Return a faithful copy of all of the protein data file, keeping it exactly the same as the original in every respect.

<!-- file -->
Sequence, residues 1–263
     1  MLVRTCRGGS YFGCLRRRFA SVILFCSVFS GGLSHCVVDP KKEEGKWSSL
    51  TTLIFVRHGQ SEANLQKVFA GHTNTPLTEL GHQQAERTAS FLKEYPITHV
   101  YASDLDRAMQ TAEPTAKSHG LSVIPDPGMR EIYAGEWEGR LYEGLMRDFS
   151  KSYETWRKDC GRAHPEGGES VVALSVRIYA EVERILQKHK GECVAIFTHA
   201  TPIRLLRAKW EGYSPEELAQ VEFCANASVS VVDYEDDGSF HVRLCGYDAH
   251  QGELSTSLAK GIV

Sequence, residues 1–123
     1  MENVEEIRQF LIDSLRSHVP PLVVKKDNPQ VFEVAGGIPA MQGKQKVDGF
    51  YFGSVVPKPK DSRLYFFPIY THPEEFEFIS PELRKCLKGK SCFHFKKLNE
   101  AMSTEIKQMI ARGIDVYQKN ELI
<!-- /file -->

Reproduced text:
Sequence, residues 1–263
     1  MLVRTCRGGS YFGCLRRRFA SVILFCSVFS GGLSHCVVDP KKEEGKWSSL
    51  TTLIFVRHGQ SEANLQKVFA GHTNTPLTEL GHQQAERTAS FLKEYPITHV
   101  YASDLDRAMQ TAEPTAKSHG LSVIPDPGMR EIYAGEWEGR LYEGLMRDFS
   151  KSYETWRKDC GRAHPEGGES VVALSVRIYA EVERILQKHK GECVAIFTHA
   201  TPIRLLRAKW EGYSPEELAQ VEFCANASVS VVDYEDDGSF HVRLCGYDAH
   251  QGELSTSLAK GIV

Sequence, residues 1–123
     1  MENVEEIRQF LIDSLRSHVP PLVVKKDNPQ VFEVAGGIPA MQGKQKVDGF
    51  YFGSVVPKPK DSRLYFFPIY THPEEFEFIS PELRKCLKGK SCFHFKKLNE
   101  AMSTEIKQMI ARGIDVYQKN ELI